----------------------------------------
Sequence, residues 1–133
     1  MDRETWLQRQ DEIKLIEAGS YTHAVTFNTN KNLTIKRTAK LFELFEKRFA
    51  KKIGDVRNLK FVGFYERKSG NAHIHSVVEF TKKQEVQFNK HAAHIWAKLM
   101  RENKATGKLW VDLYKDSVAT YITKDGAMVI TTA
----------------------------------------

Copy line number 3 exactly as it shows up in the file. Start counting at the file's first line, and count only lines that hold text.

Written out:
    51  KKIGDVRNLK FVGFYERKSG NAHIHSVVEF TKKQEVQFNK HAAHIWAKLM